A second contribution that we give in this paper is showing that sample complexity theory can be used to distinguish between two problems that in the exact case might not be distinguishable from each other. As discussed earlier, in the exact case, computing the percolation centrality of one single vertex in not known to be easier than computing the same measure for every vertex of the graph. However, in the sampling complexity scenario, the problem of estimating the percolation of a single vertex, referred as computing is shown to be distinct from the problem of estimating the percolation of every vertex of , referred as computing . More precisely, we show that and can be estimated respectively in time and in weighted graphs.
Our results also imply a similar “separation” for the percolation centrality estimation in unweighted dense graphs as well as separations for the estimation of betweenness centrality that holds in any combination of the following scenarios: weighted or unweighted for either sparse or dense graphs. In fact, for all these problems we show that estimating these measures for any set of vertices of size is distinguished from estimating the same measures for all vertices of . The intuition behind these results is that while in the exact case such centrality measures might not be separable, for estimation algorithms, meeting the requirements for the parameters of confidence and quality on a set of smaller size is easier than meeting the same requirements on a set containing every vertex of .
We now introduce the definitions, notation and results we use as the groundwork of our proposed algorithms.
2.1 Graphs and Percolation Centrality
Given a graph (directed or undirected), the percolation states for each and , let be the set of all shortest paths from to , and . For a given path , let be the set of internal vertices of , that is, . We denote as the number of shortest paths from to that is internal to. Let be the set of (immediate) predecessors of in , where is the set of edges of . We call the diameter of as the largest shortest path in . Let be the percolation state of . We say is fully percolated if , non-percolated if and partially percolated if . We say that a path from to is percolated if . The percolation centrality is defined below.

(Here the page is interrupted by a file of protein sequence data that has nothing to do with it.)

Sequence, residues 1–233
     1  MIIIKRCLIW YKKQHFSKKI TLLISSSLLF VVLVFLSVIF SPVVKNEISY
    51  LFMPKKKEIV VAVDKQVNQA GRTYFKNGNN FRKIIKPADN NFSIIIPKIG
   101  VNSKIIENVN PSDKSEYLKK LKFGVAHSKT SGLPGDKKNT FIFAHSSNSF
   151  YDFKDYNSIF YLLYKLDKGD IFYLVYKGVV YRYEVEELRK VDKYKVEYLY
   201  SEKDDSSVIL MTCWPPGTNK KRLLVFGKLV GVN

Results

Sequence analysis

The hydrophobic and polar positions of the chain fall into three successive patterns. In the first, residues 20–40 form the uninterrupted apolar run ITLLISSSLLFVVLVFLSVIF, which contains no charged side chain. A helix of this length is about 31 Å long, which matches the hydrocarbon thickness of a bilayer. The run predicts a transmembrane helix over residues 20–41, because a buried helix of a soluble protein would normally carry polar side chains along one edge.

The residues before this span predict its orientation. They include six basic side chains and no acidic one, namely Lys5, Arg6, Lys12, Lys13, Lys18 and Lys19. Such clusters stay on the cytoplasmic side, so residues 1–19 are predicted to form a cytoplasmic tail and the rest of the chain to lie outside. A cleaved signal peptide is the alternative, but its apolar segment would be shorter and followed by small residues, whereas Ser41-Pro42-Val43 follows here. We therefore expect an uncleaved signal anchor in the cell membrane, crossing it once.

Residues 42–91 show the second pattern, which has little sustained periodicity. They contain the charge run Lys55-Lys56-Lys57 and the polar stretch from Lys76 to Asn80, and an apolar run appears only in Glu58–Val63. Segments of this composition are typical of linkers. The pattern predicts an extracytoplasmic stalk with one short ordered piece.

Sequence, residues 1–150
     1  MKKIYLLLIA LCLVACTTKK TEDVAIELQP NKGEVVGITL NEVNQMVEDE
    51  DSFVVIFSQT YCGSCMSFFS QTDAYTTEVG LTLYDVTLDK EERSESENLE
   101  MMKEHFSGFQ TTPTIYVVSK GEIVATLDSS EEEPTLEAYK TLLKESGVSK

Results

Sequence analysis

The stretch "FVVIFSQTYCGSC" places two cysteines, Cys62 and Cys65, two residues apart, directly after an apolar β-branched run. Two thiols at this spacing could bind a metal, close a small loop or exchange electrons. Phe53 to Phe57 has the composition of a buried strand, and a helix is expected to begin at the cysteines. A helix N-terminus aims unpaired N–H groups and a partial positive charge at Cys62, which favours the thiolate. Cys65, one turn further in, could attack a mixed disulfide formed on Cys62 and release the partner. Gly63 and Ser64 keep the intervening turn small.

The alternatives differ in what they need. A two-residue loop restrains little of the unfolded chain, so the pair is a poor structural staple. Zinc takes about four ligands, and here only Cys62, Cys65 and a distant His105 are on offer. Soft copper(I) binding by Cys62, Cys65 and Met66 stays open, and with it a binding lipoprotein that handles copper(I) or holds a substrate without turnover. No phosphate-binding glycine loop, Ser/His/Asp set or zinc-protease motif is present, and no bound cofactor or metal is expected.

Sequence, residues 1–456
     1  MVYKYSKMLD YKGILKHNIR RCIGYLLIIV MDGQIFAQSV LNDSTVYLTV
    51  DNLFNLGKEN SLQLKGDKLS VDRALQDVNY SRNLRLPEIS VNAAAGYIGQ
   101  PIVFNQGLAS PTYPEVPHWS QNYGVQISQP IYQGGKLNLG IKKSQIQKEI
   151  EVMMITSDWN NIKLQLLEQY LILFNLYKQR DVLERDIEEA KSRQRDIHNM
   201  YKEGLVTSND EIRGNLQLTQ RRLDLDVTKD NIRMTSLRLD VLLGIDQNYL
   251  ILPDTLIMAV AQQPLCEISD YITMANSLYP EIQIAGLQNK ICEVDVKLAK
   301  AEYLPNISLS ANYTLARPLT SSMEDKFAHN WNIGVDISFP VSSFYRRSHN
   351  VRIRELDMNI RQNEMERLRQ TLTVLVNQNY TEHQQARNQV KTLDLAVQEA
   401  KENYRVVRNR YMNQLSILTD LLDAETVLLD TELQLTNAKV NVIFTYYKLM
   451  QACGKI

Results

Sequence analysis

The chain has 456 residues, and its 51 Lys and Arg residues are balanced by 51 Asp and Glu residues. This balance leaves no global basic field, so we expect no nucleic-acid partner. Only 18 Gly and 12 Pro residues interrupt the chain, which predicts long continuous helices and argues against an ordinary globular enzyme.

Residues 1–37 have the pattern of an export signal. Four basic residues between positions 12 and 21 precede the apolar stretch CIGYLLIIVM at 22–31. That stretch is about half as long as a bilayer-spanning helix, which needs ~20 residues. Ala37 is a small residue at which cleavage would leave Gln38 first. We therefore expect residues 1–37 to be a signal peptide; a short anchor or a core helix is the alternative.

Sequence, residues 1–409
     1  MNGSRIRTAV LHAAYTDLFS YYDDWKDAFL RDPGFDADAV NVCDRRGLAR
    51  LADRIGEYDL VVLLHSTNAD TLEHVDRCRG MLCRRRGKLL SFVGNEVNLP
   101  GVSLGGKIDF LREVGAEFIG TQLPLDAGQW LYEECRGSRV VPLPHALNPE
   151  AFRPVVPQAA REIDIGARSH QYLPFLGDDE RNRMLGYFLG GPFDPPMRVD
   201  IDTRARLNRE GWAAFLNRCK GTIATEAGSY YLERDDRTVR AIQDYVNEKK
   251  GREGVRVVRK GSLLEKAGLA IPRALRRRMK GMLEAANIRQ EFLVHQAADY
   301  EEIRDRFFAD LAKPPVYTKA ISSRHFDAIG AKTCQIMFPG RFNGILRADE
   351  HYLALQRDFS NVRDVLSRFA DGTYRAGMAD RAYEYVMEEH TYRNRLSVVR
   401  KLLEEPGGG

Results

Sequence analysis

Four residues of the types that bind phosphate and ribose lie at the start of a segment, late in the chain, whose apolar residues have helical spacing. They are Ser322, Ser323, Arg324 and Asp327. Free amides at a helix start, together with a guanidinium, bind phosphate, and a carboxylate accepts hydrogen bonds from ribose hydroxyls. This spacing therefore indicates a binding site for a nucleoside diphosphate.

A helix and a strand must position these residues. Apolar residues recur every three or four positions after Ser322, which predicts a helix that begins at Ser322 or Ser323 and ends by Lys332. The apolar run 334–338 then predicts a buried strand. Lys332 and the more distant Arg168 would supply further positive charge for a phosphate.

[Percolation Centrality] Let . Given a graph and percolation states , the percolation centrality of a vertex is defined as
2.2 Sample Complexity and Pseudo-dimension
In sampling algorithms, the sample complexity analysis relates the minimum size of a random sample required to estimate results that are consistent with the desired parameters of quality and confidence (e.g., in our case a minimum number of shortest paths that must be sampled). An upper bound to the Vapnik-Chervonenkis Dimension (VC-dimension) of a class of binary functions especially defined in order to model the particular problem that one is dealing provides an upper bound to sample size respecting such parameters. Generally speaking, the VC-dimension measures the expressiveness of a class of subsets defined on a set of points [Riondato2016].
For the problem presented in this work, however, the class of functions that we need to deal are not binary. Hence, we use the pseudo-dimension, which is a generalization of the VC-dimension for real-valued functions. An in-depth exposition of the definitions and results presented below can be found in the books of Shalev-Schwartz and Ben-David [ShalevShwartz2014], Anthony and Bartlett [Anthony2009], and Mohri et. al. [Mohri2012].
Empirical averages and -representative samples
Given a domain and a set , let be the family of functions from to such that there is one for each . Let be a collection of elements from sampled with respect to a probability distribution .
For each , such that , we define the expectation of and its empirical average as and , respectively, i.e.,
Given , a set is called -representative w.r.t. some domain , a set , a family of functions and a probability distribution if